Yesterday, I gave my religious story before the congregation of Lynhurst Baptist Church. I have been going there consistently since late June, but off and on since my return to Indy in August 2016. A few days after my story performance at Pull Up a Chair Indy, I told Bobby that my story would be posted on YouTube. He saw it, and enjoyed it, and then told me, “You need to talk to Ben and tell your story to the church.” I approached Ben before service, and told him what Bobby had said, and Ben was excited to get me behind the pulpit. We set up the date for September 17, and I went to work on my story.
Ben wants any story to be around twenty minutes—give or take a couple minutes—so the service does not exceed an hour. I thought this to be a challenge because my history with the church is not a pleasant one, nor is that history brief.
I don’t come from a stereotypically religious home, and that reason had to do with the cultures of my mother’s family and my father’s family, and their own conclusion on religious matters. I wrote out my mother’s family arrival from Scotland, Wales, and Germany to the United States at the turn of the twentieth century, and how they stayed within their respective cultures though my great-great grandparents had been dead since the 1940s. I grew up with snippets of German and Scots Gaelic—sometimes sworn at me—in a gravelly Highland accent my youngest great aunt maintained. These people had their fill of America by the early teens because of the ethnic backlash from World War I, and wanted to be left alone thank you very much. And if they were not left alone this part of my family had no qualms delivering an explanation on the matter, and go sing hymns to Jesus the following Sunday with a bounce in their step.
My father’s family was quite different. Most of his family arrived from County Cork, Ireland in the 1880s, and, Hoosier Hospitality being the same then as it is today, were told in no uncertain terms they could be Catholic or they could eat. On the surface they complied and didn’t go to Mass. Behind closed doors, though, they remained staunchly Irish Catholic. This cultural religion was passed down to the succeeding generations, and my father, though, hateful towards God for the hand he had been dealt, maintained that religious culture in his ethics that became my foundation for morality long before our shadows hit the church doors.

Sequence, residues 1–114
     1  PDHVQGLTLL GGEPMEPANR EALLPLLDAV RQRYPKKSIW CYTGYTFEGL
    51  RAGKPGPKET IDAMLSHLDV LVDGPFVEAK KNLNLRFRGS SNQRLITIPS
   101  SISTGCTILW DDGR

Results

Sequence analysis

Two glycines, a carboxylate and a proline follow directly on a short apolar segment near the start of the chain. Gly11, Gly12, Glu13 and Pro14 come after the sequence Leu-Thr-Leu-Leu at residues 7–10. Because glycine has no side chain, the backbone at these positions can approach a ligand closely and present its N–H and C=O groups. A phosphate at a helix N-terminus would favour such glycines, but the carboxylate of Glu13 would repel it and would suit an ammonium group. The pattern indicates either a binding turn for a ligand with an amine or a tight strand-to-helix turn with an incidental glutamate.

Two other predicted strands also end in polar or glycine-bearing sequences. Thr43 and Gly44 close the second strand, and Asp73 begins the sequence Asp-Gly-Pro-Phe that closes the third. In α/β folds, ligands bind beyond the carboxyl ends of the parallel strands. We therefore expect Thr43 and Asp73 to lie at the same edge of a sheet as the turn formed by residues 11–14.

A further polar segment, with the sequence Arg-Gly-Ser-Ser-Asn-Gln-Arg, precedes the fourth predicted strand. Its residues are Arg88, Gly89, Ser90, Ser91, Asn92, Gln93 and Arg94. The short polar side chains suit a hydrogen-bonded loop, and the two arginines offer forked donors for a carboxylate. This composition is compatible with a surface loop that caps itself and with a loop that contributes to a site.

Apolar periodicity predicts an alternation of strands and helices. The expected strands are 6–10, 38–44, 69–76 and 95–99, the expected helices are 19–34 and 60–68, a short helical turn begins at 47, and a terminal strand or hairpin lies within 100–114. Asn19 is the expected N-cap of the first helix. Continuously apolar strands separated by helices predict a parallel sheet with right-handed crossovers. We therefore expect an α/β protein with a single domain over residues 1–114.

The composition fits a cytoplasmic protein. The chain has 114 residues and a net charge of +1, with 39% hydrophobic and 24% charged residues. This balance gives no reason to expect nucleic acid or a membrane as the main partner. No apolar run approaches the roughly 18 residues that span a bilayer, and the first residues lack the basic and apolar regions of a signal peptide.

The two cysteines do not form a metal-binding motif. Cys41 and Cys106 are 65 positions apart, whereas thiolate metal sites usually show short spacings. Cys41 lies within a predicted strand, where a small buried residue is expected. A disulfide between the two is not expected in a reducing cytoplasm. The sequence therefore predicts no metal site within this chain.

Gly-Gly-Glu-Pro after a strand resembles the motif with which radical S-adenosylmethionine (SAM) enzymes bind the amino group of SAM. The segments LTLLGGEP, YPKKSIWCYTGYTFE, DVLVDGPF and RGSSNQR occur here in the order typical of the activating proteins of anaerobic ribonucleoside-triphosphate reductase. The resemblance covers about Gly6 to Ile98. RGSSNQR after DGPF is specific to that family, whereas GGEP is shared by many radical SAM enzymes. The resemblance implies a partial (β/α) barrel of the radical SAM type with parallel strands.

My mother is cynical towards organized religion because of the hypocrisy she observed in her family, but she’s cool with Jesus and God is alright. Their followers, on the other hand, had better stay away from her if they know what’s good for them. She thought the black and white points of view childish and beneath her, and did not shelter my brother or myself. In fact, she was the one who drove me to a hole in the wall Punk Rock record store in the Irvington neighborhood so I could buy Agnostic Front’s “Liberty and Justice For…” album along with The Crucified’s self-titled release. Pop didn’t care about the music per se. He was into Surf music, Johnny Cash, and other Outlaw Country. He hated the sound and would yell, “Goddamn it, boy! Turn that shit down!” But he never stooped so low as to equate morality or spirituality with a music style. For Pop, morality and spirituality were internal.
But those examples were too much for the story with regards to time. I also had other examples from different churches from all over Indianapolis. While these things are good for a written story such as a memoir, they exceeded the time constraints by twenty-five minutes. My first attempt at brevity was an eighteen page first draft.
I kept Ben and Eric in the loop with each step of writing and revision. Most of my story blew away Eric. Even though he has known me for twenty years he never knew the depths of my hellish religious background. I never brought them up because my story of religious abuse and walking away from God is an all too common story in the United States. The experience felt common, and I’ve also been told to be quiet about it. After all I’m bitter and ignoring the grace of God. God’s grace is true and keeps people close to God, but grace does not mean any kind of bad behavior is without consequence. As much as God is gracious, God is also about justice—restoration and balance—something that much of the church has forgotten as it wielded its heavy handed judgments.